It’s no surprise that Betty Peck of Shorewood is known as the human encyclopedia. After all, she’s been a fixture of the Excelsior-Lake Minnetonka Historical Society (ELMHS) for nearly 40 years, and has been witness to many changes in the lake-area community. “I am blessed with a tremendous memory,” says Peck, who at 85 is the oldest active member of the society. But before Peck was a veteran of the ELMHS, she put in many years of service growing the nonprofit and preserving items of historical interest.
The historical society was formed in 1972 by a group of passionate and dedicated women who wanted to preserve and share the lake-area history for generations to come. ELMHS quickly became a treasure trove of collectables and artifacts, as people were happy to contribute to the preservation of their local history. Peck, who joined in 1974 and became treasurer shortly thereafter, remembers how “the history of the area was very important to [the community] because for many of them it was their birth place, where their families were buried; it was their home.
Although Peck wasn’t originally from Excelsior, she married into a family from the area and quickly became fascinated by its history, which is rich with orchards, sailing and tourism. People brought in trinkets passed down for generations, items from the old amusement park and even a famous sailboat: the Onawa. With so many artifacts, the society set up an archive in the basement of old City Hall and began fundraising, publishing books and providing historical displays to educate the community. Peck, who was one of the youngest members at the time, has been witness to all of the hard work that goes into maintaining a volunteer-only nonprofit for 38 consecutive years. “It was quite a feat,” she says.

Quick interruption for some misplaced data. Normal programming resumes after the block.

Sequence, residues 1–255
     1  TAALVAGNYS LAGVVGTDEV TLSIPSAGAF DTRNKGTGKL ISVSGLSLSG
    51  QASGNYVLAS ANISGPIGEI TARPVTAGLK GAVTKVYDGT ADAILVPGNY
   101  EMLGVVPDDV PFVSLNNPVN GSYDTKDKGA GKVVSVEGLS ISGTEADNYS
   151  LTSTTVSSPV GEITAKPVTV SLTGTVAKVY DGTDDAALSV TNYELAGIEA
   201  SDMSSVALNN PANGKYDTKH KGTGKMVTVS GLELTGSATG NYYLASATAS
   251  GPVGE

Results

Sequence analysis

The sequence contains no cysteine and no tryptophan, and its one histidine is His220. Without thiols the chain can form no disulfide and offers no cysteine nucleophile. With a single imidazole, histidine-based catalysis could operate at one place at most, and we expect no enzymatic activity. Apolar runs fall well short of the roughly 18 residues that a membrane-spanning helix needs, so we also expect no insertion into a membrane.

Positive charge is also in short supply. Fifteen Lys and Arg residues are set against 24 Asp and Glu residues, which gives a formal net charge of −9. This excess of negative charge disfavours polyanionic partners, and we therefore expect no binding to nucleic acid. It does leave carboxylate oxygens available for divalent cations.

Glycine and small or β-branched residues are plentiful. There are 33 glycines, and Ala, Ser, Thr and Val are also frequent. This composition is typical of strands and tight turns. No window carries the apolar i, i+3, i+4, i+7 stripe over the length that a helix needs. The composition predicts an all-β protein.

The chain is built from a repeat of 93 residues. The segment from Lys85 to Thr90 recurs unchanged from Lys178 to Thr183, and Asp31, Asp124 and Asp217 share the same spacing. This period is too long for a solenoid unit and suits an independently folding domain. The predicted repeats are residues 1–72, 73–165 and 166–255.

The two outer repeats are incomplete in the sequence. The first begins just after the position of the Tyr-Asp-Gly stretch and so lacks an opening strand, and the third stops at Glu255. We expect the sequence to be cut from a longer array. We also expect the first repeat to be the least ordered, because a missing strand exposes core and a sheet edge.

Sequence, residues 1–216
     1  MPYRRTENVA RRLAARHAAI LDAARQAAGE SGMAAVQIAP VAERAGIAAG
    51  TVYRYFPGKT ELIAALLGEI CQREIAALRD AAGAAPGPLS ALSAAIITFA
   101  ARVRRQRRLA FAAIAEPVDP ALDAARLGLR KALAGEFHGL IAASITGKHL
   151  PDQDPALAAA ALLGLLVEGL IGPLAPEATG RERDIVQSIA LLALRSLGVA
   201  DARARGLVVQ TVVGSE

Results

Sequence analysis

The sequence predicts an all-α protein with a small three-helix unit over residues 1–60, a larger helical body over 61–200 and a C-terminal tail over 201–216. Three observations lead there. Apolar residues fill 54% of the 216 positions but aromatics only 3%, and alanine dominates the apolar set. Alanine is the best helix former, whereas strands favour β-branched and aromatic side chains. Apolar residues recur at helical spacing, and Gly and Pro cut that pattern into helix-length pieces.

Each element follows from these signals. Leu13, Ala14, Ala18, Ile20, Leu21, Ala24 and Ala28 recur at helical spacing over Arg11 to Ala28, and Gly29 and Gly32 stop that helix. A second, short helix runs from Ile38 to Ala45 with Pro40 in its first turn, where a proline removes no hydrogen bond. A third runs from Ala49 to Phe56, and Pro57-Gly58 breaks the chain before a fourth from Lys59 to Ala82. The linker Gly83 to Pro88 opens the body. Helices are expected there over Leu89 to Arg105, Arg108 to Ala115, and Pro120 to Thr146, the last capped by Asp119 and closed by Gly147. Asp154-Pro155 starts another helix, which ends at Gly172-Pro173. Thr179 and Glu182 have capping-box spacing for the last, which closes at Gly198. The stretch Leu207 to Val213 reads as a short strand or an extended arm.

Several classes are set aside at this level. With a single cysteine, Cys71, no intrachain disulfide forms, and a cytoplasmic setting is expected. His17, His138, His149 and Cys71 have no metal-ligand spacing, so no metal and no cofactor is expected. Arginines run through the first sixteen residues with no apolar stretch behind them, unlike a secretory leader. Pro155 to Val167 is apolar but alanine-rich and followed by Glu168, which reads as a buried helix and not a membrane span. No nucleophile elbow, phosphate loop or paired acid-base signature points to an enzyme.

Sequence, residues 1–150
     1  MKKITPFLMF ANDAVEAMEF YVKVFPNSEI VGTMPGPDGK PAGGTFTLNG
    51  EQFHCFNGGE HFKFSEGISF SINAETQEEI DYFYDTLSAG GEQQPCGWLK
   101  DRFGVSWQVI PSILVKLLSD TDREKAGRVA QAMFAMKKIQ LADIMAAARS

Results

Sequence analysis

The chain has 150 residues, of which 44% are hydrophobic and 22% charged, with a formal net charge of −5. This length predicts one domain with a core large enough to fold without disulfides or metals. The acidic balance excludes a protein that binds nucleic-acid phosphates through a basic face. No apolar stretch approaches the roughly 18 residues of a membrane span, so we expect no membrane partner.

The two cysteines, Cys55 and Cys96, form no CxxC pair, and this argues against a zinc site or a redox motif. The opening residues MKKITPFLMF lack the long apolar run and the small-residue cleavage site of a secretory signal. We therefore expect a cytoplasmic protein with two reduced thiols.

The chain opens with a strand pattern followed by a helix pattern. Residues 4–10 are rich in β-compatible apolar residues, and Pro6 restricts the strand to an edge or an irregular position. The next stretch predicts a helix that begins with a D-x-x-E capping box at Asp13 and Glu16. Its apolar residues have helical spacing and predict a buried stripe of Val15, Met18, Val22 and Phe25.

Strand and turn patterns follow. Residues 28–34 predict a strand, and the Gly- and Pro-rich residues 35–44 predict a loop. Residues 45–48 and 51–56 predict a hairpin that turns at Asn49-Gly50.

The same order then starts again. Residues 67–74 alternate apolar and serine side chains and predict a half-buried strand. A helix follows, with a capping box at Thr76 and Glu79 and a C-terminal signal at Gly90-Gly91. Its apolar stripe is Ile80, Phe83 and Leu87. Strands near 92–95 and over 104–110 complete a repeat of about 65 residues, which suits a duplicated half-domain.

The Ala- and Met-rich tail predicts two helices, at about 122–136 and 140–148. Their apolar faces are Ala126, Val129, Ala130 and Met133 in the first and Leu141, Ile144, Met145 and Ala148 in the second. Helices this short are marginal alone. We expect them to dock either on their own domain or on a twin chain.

Today, the ELMHS continues to thrive, although much has changed since the early years in City Hall. Now the archives are housed in the basement of an old schoolhouse—the perfect location since it’s just down the street from the museum and the Wyer/Pearce House, one of a handful of Excelsior buildings on the national register.
Former president Kathy Endres notes that it’s harder to find volunteers since many women work full-time and people in general are busier these days. Back in the 1970s, “there were a lot more women’s groups, and people joined these groups as their social [outlet],” she says. But this doesn’t mean the historical society was just a casual women’s group; these women were professional and dedicated, many of them treating their volunteer work like a full-time job. Lisa Stevens, who has previous experience in nonprofit work, was impressed by the set-up and organization when she began volunteering in the archives.
Thanks to the meticulous organizing from the early years, a legacy grant and the onset of new technology, the volunteers at ELMHS can use new scanning equipment to digitize documents instead of hand indexing old newspapers and typing up diaries. “This is a new era,” says Endres. “We’re working on computerizing and making everything available on our website … so it will be preserved forever.”
But nothing can take the place of first-person historical accounts, which is one of many reasons why Peck remains a crucial member of the team. “I always joke that we need to digitize Betty’s brain,” says Stevens. “You sometimes really need the human context, and as the population ages, that gets lost.”
Peck continues her role as treasurer, can be found at the archives every Wednesday morning and is always on-call to answer the phone. “Some people do crossword puzzles and some people do research,” jokes Stevens. But Peck understands the value of preserving history, both for the community and herself. “I think it’s one of the things that has kept me who I am,” Peck says.
To join the ELMHS or learn more, visit elmhs.org.